Local lawmakers, lobbyists and labor leaders said the $109 billion state budget Gov. Ron DeSantis signed Thursday is a qualified success for Tallahassee and Leon County.
The celebration over a historic 5.3% across-the-board pay raise for state employees and a new $15 minimum wage for state workers was partly overshadowed Friday morning by the vetoes of $1 million earmarked to the Second Harvest of the Big Bend and a $50,000 appropriation for the Leon Works Expo and Junior Apprenticeship Program.
More:What was cut from Florida’s budget? Search Gov. DeSantis’ veto list
“That’s kind of crushing. The two things that get vetoes are food and jobs,” said Jeff Sharkey of the Capitol Alliance Group, Leon County’s lobbyist at the state capitol. “There really are no more important issues than food and jobs so that’s disappointing.”
Though the longtime lobbyist was quick to add that the pay raise “is huge” for the region.
The Leon Works Expo connects youth with employment opportunities. It also receives funds from Tallahassee and Leon schools.
State Rep. Allison Tant, D-Tallahassee, reviewed DeSantis’ 12-page veto list that totaled more than $3 billion, saw the two local projects that were axed and said “overall Leon County did well.”
Tant also found the Second Harvest veto disappointing.
The food bank serves 17 North Florida counties and planned to use the money to buy delivery vans and refrigeration equipment.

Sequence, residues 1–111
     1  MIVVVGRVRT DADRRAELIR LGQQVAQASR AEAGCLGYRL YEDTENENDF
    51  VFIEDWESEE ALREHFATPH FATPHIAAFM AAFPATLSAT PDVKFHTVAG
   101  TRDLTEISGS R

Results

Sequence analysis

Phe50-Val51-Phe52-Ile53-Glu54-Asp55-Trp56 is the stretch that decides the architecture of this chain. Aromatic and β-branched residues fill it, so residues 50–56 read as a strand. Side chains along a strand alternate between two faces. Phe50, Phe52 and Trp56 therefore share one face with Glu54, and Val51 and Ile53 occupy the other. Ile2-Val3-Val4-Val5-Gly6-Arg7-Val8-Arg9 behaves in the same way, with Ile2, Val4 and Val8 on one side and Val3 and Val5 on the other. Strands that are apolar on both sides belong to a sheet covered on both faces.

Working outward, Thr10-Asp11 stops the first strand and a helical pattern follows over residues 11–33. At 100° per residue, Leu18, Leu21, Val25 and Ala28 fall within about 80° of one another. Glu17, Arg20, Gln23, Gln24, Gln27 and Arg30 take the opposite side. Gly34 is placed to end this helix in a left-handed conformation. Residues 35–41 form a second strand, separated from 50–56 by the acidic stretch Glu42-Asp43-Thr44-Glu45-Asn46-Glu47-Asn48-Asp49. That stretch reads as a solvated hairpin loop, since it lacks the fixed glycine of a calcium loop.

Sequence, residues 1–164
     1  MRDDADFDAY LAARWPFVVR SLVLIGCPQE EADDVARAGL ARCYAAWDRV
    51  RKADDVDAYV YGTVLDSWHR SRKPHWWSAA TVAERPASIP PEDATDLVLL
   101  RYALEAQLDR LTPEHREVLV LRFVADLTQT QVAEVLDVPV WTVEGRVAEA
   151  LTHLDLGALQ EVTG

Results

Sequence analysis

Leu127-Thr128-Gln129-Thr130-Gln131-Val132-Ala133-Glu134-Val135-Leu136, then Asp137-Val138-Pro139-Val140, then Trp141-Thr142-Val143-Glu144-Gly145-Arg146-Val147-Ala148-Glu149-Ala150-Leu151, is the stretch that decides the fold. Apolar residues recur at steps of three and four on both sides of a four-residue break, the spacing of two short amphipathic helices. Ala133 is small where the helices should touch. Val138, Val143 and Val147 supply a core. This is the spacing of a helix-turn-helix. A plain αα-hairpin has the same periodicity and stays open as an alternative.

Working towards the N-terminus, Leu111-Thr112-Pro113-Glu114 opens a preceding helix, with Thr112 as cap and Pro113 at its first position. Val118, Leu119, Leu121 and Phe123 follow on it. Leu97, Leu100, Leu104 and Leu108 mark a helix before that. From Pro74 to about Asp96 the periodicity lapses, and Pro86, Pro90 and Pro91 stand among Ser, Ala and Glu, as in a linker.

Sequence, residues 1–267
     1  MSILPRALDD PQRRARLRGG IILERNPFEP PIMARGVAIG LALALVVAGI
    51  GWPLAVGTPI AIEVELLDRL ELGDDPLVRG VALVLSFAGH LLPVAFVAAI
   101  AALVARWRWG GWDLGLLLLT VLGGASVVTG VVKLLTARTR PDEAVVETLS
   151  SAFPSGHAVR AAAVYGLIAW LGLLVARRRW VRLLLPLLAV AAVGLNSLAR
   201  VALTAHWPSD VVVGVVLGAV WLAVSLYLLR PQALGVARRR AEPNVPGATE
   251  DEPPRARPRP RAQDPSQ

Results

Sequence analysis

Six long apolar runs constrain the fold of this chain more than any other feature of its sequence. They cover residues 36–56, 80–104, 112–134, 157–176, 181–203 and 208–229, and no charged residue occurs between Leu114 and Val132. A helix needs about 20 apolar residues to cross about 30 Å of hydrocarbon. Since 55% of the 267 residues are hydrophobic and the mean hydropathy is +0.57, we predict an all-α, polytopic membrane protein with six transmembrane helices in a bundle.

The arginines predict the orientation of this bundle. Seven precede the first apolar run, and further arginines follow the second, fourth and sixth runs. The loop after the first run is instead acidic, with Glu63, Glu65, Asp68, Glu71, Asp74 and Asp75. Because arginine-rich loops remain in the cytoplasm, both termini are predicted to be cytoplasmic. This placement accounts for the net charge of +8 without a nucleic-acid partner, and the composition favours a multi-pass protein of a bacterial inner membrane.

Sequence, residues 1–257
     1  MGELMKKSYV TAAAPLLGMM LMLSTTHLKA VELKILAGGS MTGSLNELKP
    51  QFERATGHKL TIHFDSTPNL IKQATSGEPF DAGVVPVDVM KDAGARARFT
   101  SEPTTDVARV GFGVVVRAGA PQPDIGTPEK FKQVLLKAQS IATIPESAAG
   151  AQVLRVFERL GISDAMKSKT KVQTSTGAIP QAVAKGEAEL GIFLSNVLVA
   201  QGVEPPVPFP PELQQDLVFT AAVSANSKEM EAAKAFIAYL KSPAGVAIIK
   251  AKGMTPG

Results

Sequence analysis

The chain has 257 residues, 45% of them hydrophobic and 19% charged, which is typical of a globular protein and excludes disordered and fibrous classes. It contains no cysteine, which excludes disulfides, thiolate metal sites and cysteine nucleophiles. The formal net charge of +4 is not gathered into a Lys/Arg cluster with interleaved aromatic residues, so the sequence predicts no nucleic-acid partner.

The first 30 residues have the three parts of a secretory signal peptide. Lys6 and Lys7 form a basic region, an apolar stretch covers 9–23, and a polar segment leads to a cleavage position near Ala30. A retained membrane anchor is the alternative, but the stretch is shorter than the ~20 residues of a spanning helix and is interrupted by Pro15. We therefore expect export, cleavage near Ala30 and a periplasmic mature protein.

“Feeding America is looking to expand Second Harvest’s service area with mobile food pantries into food desert neighborhoods,” said Tant, who had submitted the project request.
The food organization’s program was among a list of projects for what are considered “financially constrained” counties. State Sen. Loranne Ausley, D-Tallahassee, pointed out a number of those items did not make it fit DeSantis’ budget review.
More than a half dozen local projects, however, did get approved along with the pay raise for state workers, so Ausley said overall, “This is a great budget for North Florida.”
More on DeSantis’ budget:DeSantis budget includes raise for state workers, new emergency operations center
More on-state minimum wage:Florida lawmakers consider banning cities, counties from setting local minimum wages
Ausley represents more than 19,000 state employees in Leon and Gadsden counties. The 5.3% pay raise and $15 minimum wage starting July 1 will boost the area’s payroll by at least an additional $40 million annually.
That money is in addition to another $12 million in local funding requests, along with $80 million for construction of a new state Emergency Operations Center in Tallahassee.
“There’s funding for water projects in both Leon and Gadsden,” Ausley said. “And funding for streetlights in Midway, a police station in Chattahoochee and a maternal health program in Havana.”
Sharkey said the Leon delegation did secure money for the county’s top priority, $400,000 to improve grading around Fred George Sink and capture debris to protect Wakulla Springs.